Philippine Daily Inquirer / 05:48 AM February 03, 2024
The rise in the number of wage earners was the biggest contributor to the narrowing wealth gap in the Philippines over the past two decades, as more poor Filipinos engaged in better-paying activities, the Asian Development Bank (ADB) said.
Such was also the case in Thailand and Vietnam based on a working paper published by the ADB, which examined the trends and drivers of income inequality in the three Southeast Asian economies.
The Manila-based multilateral lender estimated that the Philippines’ nationwide Gini coefficient—which measures income inequality using a scale from 0 to 1, where the higher number indicates bigger wealth gap—fell to 0.440 in 2018, from 0.499 in 2003.
Over two decades
The urban-rural income gap likewise narrowed in the Philippines over the past two decades, contributing to the smaller wealth disparity nationwide, the ADB said.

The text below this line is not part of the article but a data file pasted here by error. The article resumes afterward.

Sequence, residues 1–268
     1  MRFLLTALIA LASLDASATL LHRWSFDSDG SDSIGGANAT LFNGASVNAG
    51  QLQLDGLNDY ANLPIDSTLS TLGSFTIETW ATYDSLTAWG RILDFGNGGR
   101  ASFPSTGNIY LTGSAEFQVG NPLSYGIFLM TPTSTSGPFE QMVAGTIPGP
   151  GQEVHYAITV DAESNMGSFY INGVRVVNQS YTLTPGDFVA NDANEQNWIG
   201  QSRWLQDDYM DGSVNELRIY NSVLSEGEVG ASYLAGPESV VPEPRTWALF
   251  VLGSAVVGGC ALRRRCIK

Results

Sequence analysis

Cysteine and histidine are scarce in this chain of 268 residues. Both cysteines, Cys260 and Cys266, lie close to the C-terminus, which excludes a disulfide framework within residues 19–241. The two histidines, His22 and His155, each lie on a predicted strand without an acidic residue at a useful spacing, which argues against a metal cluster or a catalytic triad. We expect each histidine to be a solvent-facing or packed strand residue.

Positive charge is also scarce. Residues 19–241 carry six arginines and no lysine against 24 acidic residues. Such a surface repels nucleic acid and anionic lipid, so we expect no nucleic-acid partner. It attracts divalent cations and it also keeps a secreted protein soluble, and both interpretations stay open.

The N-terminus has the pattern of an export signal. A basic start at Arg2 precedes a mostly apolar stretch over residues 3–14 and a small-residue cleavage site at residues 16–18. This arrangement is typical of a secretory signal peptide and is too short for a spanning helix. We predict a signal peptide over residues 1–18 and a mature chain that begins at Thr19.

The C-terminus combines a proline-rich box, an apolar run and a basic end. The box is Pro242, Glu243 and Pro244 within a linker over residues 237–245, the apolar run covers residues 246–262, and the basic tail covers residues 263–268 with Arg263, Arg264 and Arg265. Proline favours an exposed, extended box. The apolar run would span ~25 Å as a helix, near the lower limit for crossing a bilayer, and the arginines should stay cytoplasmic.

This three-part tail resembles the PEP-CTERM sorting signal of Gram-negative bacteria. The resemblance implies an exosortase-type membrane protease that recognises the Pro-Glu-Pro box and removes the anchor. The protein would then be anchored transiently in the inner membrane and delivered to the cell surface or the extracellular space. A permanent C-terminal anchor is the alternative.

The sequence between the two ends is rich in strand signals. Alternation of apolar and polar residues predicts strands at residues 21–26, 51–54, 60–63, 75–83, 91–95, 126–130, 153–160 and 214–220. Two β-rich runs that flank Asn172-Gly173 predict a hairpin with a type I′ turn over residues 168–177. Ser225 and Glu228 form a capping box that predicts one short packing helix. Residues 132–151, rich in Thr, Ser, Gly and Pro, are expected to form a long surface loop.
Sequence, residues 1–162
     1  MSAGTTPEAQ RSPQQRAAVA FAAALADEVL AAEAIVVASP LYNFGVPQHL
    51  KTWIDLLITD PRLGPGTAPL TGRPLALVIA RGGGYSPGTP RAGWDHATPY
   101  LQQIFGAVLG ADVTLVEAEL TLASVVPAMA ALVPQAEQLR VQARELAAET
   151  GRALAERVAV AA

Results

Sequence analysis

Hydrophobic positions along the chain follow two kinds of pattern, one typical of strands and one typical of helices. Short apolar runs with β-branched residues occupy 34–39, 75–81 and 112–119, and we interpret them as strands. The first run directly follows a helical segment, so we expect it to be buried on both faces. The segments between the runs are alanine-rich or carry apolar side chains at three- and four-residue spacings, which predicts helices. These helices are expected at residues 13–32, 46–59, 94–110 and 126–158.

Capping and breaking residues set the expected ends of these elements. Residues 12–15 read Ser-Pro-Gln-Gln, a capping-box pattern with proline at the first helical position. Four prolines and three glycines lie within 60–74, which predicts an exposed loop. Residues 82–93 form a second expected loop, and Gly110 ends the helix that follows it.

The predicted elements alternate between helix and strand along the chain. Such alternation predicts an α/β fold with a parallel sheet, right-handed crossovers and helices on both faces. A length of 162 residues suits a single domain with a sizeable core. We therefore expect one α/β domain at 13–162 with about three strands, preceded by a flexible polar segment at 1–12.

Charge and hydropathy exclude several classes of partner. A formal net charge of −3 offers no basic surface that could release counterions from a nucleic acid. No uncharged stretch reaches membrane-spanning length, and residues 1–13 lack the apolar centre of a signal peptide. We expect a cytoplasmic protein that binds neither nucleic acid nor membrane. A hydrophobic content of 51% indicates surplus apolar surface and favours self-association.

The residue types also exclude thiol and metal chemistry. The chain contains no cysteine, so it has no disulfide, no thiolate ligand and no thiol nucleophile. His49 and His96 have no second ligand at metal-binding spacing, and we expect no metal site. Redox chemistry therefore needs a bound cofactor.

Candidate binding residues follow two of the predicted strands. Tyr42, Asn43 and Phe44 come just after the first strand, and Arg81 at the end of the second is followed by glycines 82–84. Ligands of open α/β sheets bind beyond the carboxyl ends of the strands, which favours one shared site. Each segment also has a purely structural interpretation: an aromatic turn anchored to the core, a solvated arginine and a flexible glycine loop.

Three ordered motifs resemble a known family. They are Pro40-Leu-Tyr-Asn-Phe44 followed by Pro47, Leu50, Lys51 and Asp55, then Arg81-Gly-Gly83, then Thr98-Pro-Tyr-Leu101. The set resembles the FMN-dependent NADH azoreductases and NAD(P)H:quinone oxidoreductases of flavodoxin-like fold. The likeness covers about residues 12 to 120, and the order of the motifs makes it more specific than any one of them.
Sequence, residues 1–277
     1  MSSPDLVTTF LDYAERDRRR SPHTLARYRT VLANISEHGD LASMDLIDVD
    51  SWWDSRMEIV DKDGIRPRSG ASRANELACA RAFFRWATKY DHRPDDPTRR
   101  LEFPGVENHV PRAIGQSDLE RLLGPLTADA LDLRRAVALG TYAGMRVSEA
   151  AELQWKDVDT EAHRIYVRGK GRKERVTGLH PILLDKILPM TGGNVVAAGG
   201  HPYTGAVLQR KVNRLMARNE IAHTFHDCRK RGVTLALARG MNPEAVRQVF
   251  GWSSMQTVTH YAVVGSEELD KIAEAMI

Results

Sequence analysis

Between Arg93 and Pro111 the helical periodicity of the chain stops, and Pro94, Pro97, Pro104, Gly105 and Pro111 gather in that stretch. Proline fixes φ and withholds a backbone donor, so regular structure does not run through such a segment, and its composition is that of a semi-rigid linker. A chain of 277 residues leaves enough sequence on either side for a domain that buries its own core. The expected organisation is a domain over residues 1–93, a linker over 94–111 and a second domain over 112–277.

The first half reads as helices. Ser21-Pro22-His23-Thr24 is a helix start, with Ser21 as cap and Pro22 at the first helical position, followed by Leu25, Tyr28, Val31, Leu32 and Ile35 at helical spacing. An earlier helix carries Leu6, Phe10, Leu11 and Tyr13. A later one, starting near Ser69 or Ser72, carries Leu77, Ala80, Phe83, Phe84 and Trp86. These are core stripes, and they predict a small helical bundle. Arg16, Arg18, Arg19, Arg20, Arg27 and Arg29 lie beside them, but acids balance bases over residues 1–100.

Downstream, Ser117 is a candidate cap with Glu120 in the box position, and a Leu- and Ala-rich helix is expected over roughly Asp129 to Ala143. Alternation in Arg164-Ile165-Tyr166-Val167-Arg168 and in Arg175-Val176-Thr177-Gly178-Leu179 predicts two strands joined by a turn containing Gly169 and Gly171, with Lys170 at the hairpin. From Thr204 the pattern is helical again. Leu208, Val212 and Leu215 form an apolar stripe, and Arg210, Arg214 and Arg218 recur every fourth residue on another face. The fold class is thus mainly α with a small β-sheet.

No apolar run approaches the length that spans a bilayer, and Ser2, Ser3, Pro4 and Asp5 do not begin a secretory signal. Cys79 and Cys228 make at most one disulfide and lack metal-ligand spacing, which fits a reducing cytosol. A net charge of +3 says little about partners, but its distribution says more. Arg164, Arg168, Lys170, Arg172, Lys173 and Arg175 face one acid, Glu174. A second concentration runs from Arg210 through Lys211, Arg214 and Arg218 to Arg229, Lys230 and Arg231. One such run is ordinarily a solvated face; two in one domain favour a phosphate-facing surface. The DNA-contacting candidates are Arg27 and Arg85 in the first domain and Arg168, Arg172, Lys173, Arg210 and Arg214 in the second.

By sources of income, the ADB said wage was the largest source of income inequality in the Philippines and was responsible for 45.4 percent of the country’s Gini coefficient as of 2018.
The second biggest source of wealth inequality in 2018 was income from so-called “nonfarm” businesses or those involved in activities like retailing, manufacturing and construction. The ADB said this income source contributed 17 percent to the nationwide Gini coefficient.
Remittances from Filipinos abroad were the next main driver of inequality, accounting for 15.4 percent of the wealth gap in 2018.
Same in Vietnam, Thailand “For all three countries, wages were the largest source of income and increased wage earners reduced income inequality,” the ADB said. “Less well-off households increasingly engage in better paying activities.”
As income inequality “remains high” in the Philippines despite the decline in recent years, the ADB said factors like progressive taxes and cash transfers to the poor can help further narrow the wealth gap.
“This recent trend of moderating income inequality might be the combined outcome of rising opportunities, government policies promoting social inclusion and positive impacts of structural transformation,” the ADB said.
“More policy efforts are still needed to make growth more inclusive,” it added.